Doug Reviews: The Imitation Game

imitation_game_ver2During World War II, the Nazis had an unbreakable code system called Enigma. If the Allies had any hope of winning the war, they had to crack the code. In his latest film, The Imitation Game, Director Morten Tyldum introduces us to the man chiefly responsible for breaking Enigma: Alan Turing. His story is fascinating and quite possibly the best film of the year.

Alan Turing (Benedict Cumberbatch) was a brilliant mathematician and codebreaker who, with a team of other scholars, worked with the British military and MI6 to try and solve Enigma. However, Turing had a few secrets of his own that put him in danger from his own government. Also, as depicted in the film, Turing was very socially awkward. He didn’t understand jokes and was very matter-of-fact in all his dealings with others. This made him quite unpopular among his fellow codebreakers, so before he could solve Enigma, he had to win them over first. Turing’s plan was to combat the Nazi’s Enigma machine with another machine that he would create, thus becoming one of the fathers of computers and artificial intelligence. Of course, all his work during the war was kept secret for decades.

Simply put, The Imitation Game is a fantastic film. Turing is a compelling character as are his supporting characters including Joan Clarke (Keira Knightley) and Hugh Alexander (Matthew Goode). There are talks of minor historical inaccuracies between the film and what really happened, but that’s why the material is based on a true story. The major beats are the same, though, and the story is no less compelling. Altering minor details for dramatic effect doesn’t change the importance of Turing’s life and work. The film also has a lot of humor, which juxtaposes nicely with the horrors of war and the personal horrors Turing endured.

Benedict Cumberbatch is mesmerizing as Turing, perfectly capturing his idiosyncrasies as well as his genius. His performance is at turns powerful, hilarious, and heartbreaking. Knightley is also great as Turing’s closest friend, Clarke. Charles Dance is his usual sardonic self as Commander Denniston, while Mark Strong puts in a great turn as Stewart Menzies, an MI6 agent. Special mention also needs to be made for Alex Lawther, who plays the young Alan Turing. His performance mimics Cumberbatch’s well, making it believable that they are playing the same character. Just solid performances all the way through.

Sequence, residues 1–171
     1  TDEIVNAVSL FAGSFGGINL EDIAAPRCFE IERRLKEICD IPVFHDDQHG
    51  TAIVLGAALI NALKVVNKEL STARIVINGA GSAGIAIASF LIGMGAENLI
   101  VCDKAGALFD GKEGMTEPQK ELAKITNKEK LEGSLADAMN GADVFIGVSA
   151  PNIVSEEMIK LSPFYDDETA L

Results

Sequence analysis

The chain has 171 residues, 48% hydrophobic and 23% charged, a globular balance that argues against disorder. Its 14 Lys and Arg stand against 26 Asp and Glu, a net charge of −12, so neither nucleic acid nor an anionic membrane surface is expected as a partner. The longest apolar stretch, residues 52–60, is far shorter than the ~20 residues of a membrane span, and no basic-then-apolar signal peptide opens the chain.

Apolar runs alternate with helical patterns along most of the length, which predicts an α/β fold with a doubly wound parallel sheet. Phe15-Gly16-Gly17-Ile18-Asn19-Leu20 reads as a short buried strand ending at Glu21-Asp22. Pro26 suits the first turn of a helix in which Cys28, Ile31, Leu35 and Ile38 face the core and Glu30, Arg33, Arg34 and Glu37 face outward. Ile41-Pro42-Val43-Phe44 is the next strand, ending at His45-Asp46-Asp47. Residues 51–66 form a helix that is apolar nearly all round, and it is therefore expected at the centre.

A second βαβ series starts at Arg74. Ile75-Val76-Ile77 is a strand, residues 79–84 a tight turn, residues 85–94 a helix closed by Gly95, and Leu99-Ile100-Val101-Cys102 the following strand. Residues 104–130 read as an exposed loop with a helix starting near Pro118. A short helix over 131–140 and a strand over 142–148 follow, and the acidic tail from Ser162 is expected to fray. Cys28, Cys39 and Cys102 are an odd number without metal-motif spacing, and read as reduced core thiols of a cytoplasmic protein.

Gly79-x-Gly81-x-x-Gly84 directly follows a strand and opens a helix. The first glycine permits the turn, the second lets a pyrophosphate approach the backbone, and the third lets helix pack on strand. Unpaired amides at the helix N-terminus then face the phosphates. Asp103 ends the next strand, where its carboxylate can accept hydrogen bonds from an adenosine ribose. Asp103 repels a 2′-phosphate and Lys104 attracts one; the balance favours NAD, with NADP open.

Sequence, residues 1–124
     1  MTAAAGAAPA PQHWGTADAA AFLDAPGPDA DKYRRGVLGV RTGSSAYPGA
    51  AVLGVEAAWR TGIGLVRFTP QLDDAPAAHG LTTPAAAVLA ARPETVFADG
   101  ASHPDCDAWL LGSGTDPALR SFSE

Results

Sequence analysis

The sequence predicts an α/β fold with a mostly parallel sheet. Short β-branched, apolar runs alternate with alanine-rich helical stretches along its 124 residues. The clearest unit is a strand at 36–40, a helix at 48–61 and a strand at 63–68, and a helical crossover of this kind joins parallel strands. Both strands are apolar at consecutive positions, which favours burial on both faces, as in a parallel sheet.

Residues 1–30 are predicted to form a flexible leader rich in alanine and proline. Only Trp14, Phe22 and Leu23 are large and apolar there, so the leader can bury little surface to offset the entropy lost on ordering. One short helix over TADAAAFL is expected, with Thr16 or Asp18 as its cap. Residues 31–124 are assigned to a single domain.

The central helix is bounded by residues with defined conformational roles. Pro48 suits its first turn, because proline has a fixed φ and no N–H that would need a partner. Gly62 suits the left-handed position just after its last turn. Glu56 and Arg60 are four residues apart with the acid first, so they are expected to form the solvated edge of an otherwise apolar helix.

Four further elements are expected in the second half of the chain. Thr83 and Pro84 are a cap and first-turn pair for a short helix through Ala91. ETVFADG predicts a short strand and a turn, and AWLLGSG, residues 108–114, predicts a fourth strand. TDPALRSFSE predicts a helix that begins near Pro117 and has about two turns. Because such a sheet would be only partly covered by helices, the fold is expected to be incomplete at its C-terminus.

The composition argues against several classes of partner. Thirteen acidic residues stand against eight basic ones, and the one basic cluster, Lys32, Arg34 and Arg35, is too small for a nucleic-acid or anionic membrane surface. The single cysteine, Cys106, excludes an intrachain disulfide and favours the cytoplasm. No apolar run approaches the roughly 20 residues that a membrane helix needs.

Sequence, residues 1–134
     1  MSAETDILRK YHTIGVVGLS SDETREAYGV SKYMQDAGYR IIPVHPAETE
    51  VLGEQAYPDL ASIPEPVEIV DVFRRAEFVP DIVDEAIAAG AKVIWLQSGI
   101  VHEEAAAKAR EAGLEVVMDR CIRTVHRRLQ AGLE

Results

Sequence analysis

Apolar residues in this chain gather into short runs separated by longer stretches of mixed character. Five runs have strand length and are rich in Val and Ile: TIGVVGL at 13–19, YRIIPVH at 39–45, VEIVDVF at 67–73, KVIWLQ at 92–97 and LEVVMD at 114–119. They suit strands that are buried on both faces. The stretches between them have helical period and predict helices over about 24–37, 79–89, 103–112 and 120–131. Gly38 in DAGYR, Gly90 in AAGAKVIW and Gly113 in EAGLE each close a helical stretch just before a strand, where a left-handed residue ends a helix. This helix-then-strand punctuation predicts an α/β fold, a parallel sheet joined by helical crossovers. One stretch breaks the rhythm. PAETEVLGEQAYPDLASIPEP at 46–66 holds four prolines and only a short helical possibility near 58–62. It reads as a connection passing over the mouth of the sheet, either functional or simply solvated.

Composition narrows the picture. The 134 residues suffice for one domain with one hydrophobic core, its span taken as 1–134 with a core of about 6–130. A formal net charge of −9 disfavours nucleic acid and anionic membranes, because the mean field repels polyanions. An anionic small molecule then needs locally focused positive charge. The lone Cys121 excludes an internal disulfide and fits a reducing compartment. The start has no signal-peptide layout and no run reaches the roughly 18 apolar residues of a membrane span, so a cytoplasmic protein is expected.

As of right now, for me, The Imitation Game is the best film of 2014—I still have a few left to see. It has everything going for it and is just a spectacularly well-made film. Cumberbatch will definitely be involved in the Best Actor discussion and his performance anchors this great, great film.

Rating: A

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2 Comments

  1. I wouldn’t go as far as “the best movie of 2014” but definitely agree The Imitation Game is a convergence of a great script, actors and director. The film left me immensely impressed with the characters’ accomplishments, but with heartache over the loneliness endured. The three time periods presented in an overlapping fashion was effective since the three stories reinforced each other. My only complaint was the heavy handedness toward the end of the movie, especially with one certain catch phrase.

    • I felt that 2014 was a year of movies that I really liked a lot, but few that I really loved. For me Imitation Game had pretty much everything going for it and it hit me just the right way. That being said, this isn’t like 2013, where I felt that 12 Years a Slave was the far and away best film of the year. It’s a subjective title, but I think this year of all years, there will be a lot of lists from various critics that look completely different.

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